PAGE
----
Frankie Albert is in his final season, and shares the quarterback position with talented passer Y.A. Tittle. Though different in style, both men are successful in leading the 49ers down the field to score. They both contributed during the five-game win streak to begin the season. Tittle had a passer rating of 82.1 for that five-game stretch, while Albert was even better at 107! Albert's passing efficiency the last seven games of the year was a dramatic drop-off to (50.5), and he was not alone as Tittle was also not as efficient since his passer rating for the last seven games was (57.7). Buck Shaw's offense needed to be balanced both run and pass, and the stats prove San Francisco was not.
Albert was still superb at fakes, the roll-out, finding the open receiver on the move while delivering the pass with "touch"! Tittle could zip the ball into tight windows, was also a master at the roll out though his was the opposite direction (right). Though both men had running ability, they knew their job was to complete passes, and lead this team.
The 49er offense has plenty of variation in their formations, and as such Wilson will be in tight many times, he will also split out. Wilson latches on to 23 passes, and is very effective in the red zone as he would down block, and quickly release to the flat.
Diminutive J.R. Boone would align as a flanker, and did start at left end. He did carry the ball as a halfback, but his real value was as a receiver. Sure-handed and very quick, and as such a nightmare to tackle in the open field...Boone was productive and effective when called upon.
Gordy Soltau started till late in the season at left end. His long strides, and ability to find open areas gave Albert and Tittle the target they craved. Soltau ranked among the league leaders in receiving all year. Gordy made the difficult catch look easy, was a willing blocker,and as such earned a pro bowl berth.
Billy Wilson was the right end, and opening day Bill Jessup started at left end, and caught passes in the first two games, then injured was replaced on the roster for a few games by Al Endress. When Jessup was healthy again he played in the game against the Rams at Kezar.
The line splits each team uses is an indicator of the type of running game that team will use. Since the Niners have larger splits than most teams they also create lanes for opposing pass rushers, and as such San Francisco allowed more sack yardage then most of the teams in the league with 396 yards. Stability was key as we see the same men each week at the same positions.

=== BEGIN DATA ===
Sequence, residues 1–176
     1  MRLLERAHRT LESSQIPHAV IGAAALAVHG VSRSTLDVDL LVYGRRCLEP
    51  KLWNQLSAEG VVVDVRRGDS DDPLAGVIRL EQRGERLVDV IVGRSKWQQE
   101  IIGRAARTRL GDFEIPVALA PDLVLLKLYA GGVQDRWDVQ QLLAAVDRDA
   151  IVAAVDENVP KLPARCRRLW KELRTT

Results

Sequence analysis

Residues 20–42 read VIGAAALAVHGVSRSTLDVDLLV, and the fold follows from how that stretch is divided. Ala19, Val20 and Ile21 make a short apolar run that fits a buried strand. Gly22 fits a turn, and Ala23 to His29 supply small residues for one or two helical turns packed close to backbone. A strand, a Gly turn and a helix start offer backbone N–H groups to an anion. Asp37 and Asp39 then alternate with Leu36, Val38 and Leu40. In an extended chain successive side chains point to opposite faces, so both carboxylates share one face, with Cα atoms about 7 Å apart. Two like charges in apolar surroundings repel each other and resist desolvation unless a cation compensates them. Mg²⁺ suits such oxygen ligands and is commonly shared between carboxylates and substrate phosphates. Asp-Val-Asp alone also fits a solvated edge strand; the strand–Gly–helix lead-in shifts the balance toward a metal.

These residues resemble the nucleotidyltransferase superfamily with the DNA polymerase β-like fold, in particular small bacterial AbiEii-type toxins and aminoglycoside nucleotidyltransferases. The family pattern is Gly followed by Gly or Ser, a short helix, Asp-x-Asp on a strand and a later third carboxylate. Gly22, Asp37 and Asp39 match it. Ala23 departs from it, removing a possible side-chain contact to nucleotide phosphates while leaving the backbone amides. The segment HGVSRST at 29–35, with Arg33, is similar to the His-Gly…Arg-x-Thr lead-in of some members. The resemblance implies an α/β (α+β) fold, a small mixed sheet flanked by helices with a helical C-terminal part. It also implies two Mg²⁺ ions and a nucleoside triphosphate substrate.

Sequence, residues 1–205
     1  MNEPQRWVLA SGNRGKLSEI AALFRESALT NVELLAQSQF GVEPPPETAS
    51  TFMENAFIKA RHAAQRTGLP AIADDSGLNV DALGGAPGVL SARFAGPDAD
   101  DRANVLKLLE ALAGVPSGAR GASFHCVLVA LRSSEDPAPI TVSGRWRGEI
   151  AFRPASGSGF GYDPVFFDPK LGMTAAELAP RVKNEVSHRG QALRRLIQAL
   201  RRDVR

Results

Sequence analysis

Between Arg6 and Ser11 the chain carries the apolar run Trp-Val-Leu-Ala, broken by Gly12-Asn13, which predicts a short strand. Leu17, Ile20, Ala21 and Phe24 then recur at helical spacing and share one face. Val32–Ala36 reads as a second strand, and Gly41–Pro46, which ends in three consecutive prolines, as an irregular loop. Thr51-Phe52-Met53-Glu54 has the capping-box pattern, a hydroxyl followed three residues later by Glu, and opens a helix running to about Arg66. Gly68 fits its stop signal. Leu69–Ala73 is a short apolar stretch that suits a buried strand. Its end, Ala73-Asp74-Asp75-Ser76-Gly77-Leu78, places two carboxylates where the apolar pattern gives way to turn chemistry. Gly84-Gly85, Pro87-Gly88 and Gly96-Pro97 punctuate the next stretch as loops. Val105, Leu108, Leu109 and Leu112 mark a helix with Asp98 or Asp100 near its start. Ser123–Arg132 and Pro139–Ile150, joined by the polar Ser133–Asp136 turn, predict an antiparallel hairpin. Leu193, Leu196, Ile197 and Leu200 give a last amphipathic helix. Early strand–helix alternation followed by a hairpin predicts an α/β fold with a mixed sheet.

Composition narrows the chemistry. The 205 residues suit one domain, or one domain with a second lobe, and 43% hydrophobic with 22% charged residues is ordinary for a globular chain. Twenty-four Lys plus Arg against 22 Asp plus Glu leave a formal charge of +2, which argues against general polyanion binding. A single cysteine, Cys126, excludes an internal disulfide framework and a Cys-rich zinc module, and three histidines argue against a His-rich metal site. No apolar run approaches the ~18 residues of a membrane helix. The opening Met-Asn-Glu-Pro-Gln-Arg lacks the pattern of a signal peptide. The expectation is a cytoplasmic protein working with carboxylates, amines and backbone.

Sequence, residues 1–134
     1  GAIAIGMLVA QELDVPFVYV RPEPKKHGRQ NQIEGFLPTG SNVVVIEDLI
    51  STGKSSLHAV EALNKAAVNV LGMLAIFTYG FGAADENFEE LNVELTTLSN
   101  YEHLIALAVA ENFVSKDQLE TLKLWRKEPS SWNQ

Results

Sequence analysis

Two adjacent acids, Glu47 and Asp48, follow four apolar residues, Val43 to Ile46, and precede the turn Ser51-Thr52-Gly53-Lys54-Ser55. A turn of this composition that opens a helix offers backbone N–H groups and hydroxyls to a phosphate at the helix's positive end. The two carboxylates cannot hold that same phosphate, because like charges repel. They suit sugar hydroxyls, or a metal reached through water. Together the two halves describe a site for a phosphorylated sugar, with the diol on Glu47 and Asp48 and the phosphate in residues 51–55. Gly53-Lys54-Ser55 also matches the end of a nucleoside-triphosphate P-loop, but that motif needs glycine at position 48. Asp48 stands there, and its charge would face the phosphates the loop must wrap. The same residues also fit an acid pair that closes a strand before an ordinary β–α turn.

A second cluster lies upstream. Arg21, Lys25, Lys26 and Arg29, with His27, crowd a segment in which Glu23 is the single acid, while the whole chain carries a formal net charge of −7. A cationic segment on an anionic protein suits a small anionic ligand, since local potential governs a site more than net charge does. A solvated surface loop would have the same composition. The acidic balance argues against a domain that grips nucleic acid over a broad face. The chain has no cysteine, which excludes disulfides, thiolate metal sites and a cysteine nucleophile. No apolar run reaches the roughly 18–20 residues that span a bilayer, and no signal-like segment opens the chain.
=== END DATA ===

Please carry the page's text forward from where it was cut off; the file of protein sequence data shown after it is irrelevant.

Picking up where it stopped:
Left offensive tackle was rookie strongman Bob Toneff. Powerful on the drive block, but at times struggled at pass blocking. He did earn some All-Pro recognition. Nick Feher began the year at left guard, but when injured early in the campaign was replaced in the starting line-up by rookie Jerry Smith. Since he played so well while Feher was healing, Nick was not able to regain his starting post though he did play plenty during the year. Smith was adept at the drive block and could pull when asked.
Pro bowl bound Bill "Tiger" Johnson was outstanding in dealing with the different styles of middle guards around the league. Johnson's fist fight with George Connor of the Bears earned him league wide respect. Pete Wismann played some center, long snapped, and even some linebacker during the year. Stumpy pugnacious Bruno Banducci was the starting right guard.
Though the NFL had adopted two platoon football in 1949, here we are three years later and we still have men that play both ways. Much has been written about who logged the most snaps during a game, there is no doubt Leo Nomellini in 1952 would rank in the top three. His technique, strength, and powerful explosion at the snap are whey he could have easily been lineman of the year in the NFL. Though we know the legendary names of 49er running backs for this decade; we will start with the men who got playing time.
The tragic illness of Norm Standlee brought his career to an end, and as such Johnny Strzykalski and Ben Aldridge will fill in at fullback. Bob White earned his letter, yet Joe Arenas is the left halfback most of the time when the Niners align in a fullhouse backfield. Joe "The Jet" Perry will rank among the league leaders in yards gained from either his fullback or split back position. Was anyone quicker out of his stance than Perry? Joe was effective on sweeps, and draws, yet his forte is on the trap play, or off tackle due to his ability to explode into the secondary.
A sparse crowd in Dallas the second week of the season sees their Texans get crushed by San Francisco 37-14. The 49ers continue their road trip by heading to the motor city to face a Lion team seeking revenge. Since both the teams were considered contenders, and have the complete game film lets take an indepth look at this game with a then record crowd of 56,822. Neither team scores in the first quarter, but the tempo has been set by the Niner defense.
Hardy Brown, Henke, and Nomellini with help from their friends stuffs every Detroit running play. On the Lions second possession we see Henke and Nomellini at their best when pillaging the pass pocket. Early in the second quarter San Francisco drives goalward on a mixture of run and pass plays. Perry goes off tackle to the right behind a crushing Nomellini block to set up Billy Wilson's touchdown.